Direct evidence of bacterial biofilms has been found on the middle ear tissue of children who suffer from chronic ear infections, according to a study published in the July 12, 2006, Journal of the American Medical Association (JAMA) by researchers from the Allegheny Singer Research Institute (ASRI) at Allegheny General Hospital in Pittsburgh, the Medical College of Wisconsin, and Children’s Hospital of Wisconsin, Milwaukee.
Biofilms are antibiotic resistant colonizations of bacteria that attach to surfaces and form a slime-like barrier that acts as a formidable defense mechanism, protecting the bacteria from eradication.
The discovery of biofilms in the setting of chronic otitis media represents a landmark evolution in the medical community’s understanding about a disease that afflicts millions of children worldwide each year and further endorses the emerging biofilm paradigm of chronic infectious disease, said Garth Ehrlich, PhD, principal investigator and executive director of the ASRI Center for Genomic Sciences.
Over the past 10 years, Ehrlich and J. Christopher Post, MD, PhD, FACS, an Allegheny General Hospital pediatric ear specialist, have pioneered the biofilm theory to explain the persistence of chronic ear infections. In 2002, the team published in JAMA (April 2002;287:1710-1715) the first animal evidence of biofilms in the middle ear, setting the stage for the current clinical investigation.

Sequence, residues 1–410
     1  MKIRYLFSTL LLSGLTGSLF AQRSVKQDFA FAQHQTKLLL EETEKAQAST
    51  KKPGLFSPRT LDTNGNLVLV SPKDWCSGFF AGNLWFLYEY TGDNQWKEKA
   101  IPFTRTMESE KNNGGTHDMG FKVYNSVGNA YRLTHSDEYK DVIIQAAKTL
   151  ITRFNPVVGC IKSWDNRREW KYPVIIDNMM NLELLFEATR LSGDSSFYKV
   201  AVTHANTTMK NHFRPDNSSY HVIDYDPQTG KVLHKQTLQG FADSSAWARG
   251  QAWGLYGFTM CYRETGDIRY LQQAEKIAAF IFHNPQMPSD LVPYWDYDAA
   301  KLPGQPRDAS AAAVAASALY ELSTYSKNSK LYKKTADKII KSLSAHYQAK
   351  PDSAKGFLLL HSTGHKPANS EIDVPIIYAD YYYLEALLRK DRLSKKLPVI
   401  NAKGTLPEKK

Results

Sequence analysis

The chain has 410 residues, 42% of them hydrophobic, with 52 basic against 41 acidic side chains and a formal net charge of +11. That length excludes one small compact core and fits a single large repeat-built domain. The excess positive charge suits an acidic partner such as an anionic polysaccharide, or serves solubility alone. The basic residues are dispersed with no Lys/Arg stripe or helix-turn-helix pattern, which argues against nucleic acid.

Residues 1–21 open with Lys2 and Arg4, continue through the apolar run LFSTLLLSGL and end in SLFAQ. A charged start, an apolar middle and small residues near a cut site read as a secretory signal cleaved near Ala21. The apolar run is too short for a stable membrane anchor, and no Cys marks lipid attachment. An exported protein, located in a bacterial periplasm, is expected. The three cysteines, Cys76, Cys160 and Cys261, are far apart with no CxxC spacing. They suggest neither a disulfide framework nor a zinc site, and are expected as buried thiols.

According to co-investigator Joseph E. Kerschner, MD, “Today’s study completely alters the concept about how physicians should approach the treatment of children with otitis media. This historic finding sheds new light on the decreasing efficacy of antibiotics in treating kids with ear infections and has serious implications about the future direction of therapeutic research.”
Kerschner is associate professor of otolaryngology at the Medical College and chief of pediatric otolaryngology at the College and Children’s Hospital of Wisconsin, a major teaching affiliate of the College.
“Nearly all of the children in our study who suffered from chronic otitis media tested positive for biofilms in the middle ear, even those who were asymptomatic. It appears that in many cases recurrent disease stems not from re-infection as was previously thought and which forms the basis for conventional treatment, but from a persistent biofilm,” Ehrlich said.
“Given that bacteria living in biofilms are metabolically resistant to antibiotics, this study makes a definitive, scientifically-based statement against the use of these drugs to treat children with chronic ear infections. It simply does not help the child and increases the risk of breeding more resistant strains of bacteria,” he said.
[SOURCE: PR Newswire, July 11, 2006]